Stupid next-gen Kindle Fire and its out-of-the-box bugs! ...Oh wait...



  • New Kindle Fire 5th Generation was released today and, as promised, the lovely people at Amazon delivered mine at lunchtime.
    Natty little piece of kit - 7" screen for £49 / $49 (aside; why do we get so ripped off in the UK?).

    I'm at work and getting a bunch of videos copied onto my new toy seems more fun than debugging a duplicate key exception in the CRM app;

    • Install VLC - check.
    • Connect to PC via USB - "Fire" portable storage - check
    • Copy videos to Fire - che... wait - what? "You do not have permission to perform this operation" - says who?

    So I get on a Chat session with the ever-helpful Amazon people and go through the usual dumb Q&A ("Have you changed the USB cable? Have you installed Windows 95 Service Pack 1?, etc.")

    This goes on for half an hour and I'm about to write it off to launch-day version 1.0 bugginess when a facepalm occurs...

    We use BitLocker! I can't write files to an unencrypted USB device!

    What a tit. On the upside, I can confirm that the new Kindle Fire is worth £49 / $49 and that the support people are very pleasant when you swear at yourself on a chat session.


  • SockDev

    @skotl said:

    why do we get so ripped off in the UK?

    1. Higher sales taxes
    2. Exchange rates
    3. Because they get away with it


  • And Amazon don't even have to pay tax in the UK... :cry:


  • SockDev

    @skotl said:

    And Amazon don't even have to pay tax in the UK... :cry:

    well..... they have to pay tax in the UK, they just manage to utilize as yet legal loopholes to reduce their tax burdeon practically to zero.

    note, i said it was legal, not that it was moral. ;-)



  • @skotl said:

    We use BitLocker! I can't write files to an unencrypted USB device!

    Is that some option that can be set? I have BitLocker on and write to unencrypted devices all the time.



  • Yes, it's a GPO/registry setting.



  • @skotl said:

    Natty little piece of kit

    Is "natty" a good thing or a bad thing? It sounds like "nasty".



  • I can't even order it here, Amazon won't let me. Stop whining...







  • Do you use Mosaic as your browser or something? :wtf:


  • Discourse touched me in a no-no place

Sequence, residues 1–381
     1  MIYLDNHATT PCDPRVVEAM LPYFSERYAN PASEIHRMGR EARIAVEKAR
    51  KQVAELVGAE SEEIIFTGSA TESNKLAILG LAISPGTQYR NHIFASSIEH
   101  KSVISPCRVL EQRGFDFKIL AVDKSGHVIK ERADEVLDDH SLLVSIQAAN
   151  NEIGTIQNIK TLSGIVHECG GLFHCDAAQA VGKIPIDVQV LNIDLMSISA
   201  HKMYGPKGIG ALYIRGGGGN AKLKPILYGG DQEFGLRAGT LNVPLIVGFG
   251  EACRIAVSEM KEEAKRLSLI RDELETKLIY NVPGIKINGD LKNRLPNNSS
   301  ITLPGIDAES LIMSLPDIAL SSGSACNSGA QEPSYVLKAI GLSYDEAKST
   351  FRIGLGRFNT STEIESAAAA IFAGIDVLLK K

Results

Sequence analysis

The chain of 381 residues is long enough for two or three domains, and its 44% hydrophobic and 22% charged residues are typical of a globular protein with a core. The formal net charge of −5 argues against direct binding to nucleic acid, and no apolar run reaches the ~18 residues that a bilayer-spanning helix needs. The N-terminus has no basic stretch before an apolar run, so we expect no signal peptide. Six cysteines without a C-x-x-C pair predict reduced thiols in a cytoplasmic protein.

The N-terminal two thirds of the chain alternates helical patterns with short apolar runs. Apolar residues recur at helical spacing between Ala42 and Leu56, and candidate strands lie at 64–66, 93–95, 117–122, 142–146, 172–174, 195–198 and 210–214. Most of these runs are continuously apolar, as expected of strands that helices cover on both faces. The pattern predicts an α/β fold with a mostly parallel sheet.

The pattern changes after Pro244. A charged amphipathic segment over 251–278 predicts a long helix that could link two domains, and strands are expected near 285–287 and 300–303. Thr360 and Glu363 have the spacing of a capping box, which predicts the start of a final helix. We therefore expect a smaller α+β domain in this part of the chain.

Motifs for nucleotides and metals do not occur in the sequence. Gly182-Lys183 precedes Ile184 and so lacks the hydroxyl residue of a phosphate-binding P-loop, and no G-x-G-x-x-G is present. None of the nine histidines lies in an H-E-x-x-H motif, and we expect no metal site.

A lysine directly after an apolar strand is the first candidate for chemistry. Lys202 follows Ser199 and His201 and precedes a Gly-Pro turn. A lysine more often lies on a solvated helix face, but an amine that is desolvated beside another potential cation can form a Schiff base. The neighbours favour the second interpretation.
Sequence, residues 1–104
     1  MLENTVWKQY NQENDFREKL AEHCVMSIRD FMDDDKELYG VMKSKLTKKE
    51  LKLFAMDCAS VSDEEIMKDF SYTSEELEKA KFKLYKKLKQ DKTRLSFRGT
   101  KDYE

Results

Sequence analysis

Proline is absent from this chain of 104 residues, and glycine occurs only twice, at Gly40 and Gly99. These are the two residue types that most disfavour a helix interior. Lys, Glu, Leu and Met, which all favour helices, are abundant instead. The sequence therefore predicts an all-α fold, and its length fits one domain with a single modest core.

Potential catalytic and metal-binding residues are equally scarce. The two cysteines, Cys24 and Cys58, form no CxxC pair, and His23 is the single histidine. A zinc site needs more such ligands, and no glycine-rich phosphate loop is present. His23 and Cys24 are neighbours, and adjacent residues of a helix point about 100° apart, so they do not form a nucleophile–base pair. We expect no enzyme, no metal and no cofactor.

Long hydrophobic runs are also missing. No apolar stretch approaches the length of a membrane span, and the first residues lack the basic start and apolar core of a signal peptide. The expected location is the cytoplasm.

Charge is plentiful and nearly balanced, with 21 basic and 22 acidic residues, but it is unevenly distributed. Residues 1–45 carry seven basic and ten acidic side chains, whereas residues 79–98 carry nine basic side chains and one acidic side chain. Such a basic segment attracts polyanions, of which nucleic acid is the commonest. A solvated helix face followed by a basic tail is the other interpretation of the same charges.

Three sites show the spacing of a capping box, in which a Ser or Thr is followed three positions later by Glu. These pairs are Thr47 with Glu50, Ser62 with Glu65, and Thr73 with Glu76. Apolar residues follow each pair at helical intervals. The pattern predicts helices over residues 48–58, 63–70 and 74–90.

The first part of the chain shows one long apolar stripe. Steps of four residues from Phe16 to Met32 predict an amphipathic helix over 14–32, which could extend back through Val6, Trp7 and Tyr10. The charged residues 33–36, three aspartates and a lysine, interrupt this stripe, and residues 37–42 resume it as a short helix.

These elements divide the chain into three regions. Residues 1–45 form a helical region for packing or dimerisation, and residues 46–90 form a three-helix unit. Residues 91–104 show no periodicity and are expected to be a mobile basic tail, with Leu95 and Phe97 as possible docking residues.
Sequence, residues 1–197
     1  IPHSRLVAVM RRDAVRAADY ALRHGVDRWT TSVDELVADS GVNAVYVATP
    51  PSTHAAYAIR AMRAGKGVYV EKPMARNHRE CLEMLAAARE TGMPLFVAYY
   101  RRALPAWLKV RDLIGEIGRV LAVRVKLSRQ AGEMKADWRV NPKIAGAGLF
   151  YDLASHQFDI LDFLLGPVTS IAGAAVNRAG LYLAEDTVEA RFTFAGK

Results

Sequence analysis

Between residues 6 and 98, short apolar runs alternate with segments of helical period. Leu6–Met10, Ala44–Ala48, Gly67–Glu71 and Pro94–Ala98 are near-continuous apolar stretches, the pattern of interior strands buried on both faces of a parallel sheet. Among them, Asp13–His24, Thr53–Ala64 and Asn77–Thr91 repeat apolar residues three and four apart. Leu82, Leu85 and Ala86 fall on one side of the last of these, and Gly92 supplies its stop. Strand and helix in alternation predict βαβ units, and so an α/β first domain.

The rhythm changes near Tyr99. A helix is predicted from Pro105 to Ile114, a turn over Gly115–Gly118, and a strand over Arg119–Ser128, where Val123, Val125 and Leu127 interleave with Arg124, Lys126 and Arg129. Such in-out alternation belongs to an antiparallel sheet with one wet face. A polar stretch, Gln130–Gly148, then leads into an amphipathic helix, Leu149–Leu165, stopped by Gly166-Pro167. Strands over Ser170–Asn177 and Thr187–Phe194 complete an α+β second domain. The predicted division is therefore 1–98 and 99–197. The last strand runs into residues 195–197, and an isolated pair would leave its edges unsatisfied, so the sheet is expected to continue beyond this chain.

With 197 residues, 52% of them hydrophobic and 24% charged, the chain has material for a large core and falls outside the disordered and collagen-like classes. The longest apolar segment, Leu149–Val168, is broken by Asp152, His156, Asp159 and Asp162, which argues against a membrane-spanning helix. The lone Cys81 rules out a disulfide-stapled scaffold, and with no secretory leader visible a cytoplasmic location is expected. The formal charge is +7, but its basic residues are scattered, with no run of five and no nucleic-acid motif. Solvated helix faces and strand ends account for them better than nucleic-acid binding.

@accalia said:

    they just manage to utilize as yet legal loopholes to reduce their tax burdeon practically to zero

    Don't worry. London is Ground Zero for those specialist firms that assist in such creative tax burden management. :angry:





  • As for #1, I'm going to remind Europeans once again that prices in USD are before any sales taxes.



  • That doesn't help at all unless it's £1.00 = $1.10


    Filed under:



  • @skotl said:

    And Amazon don't even have to pay tax in the UK... :cry:

    They aren't paying tax. You are. Stop whining. Where do you think free healthcare comes from?


  • SockDev

    @boomzilla said:

    They aren't paying tax. You are.

    And that is what the problem is. Amazon are taking the money they make out of the UK to somewhere where they only have to pay a tiny amount of tax. That's money that's not going to HMRC, which means it's not paying for our various national, civil, and social services. Yet if we normal people tried that, we'd be charged, prosecuted, and fined quicker than you can say 'Fuck, the taxman!'.



  • @powerlord said:

    As for #1, I'm going to remind Europeans once again that prices in USD are before any sales taxes.

    @TwelveBaud said:

    That doesn't help at all unless it's £1.00 = $1.10

    Yeah, because the sales tax is probably somewhere between 5% - 10% depending on where you are. So let's be generous and say it's $52.

    $47 ~ £31
    £47 ~ $71

    ... according to google right now. Is some of that customs? Or is that included in the shipping? I have no idea...I don't buy much stuff internationally.



  • @RaceProUK said:

    @boomzilla said:
    They aren't paying tax. You are.

    And that is what the problem is. Amazon are taking the money they make out of the UK to somewhere where they only have to pay a tiny amount of tax. That's money that's not going to HMRC, which means it's not paying for our various national, civil, and social services. Yet if we normal people tried that, we'd be charged, prosecuted, and fined quicker than you can say 'Fuck, the taxman!'.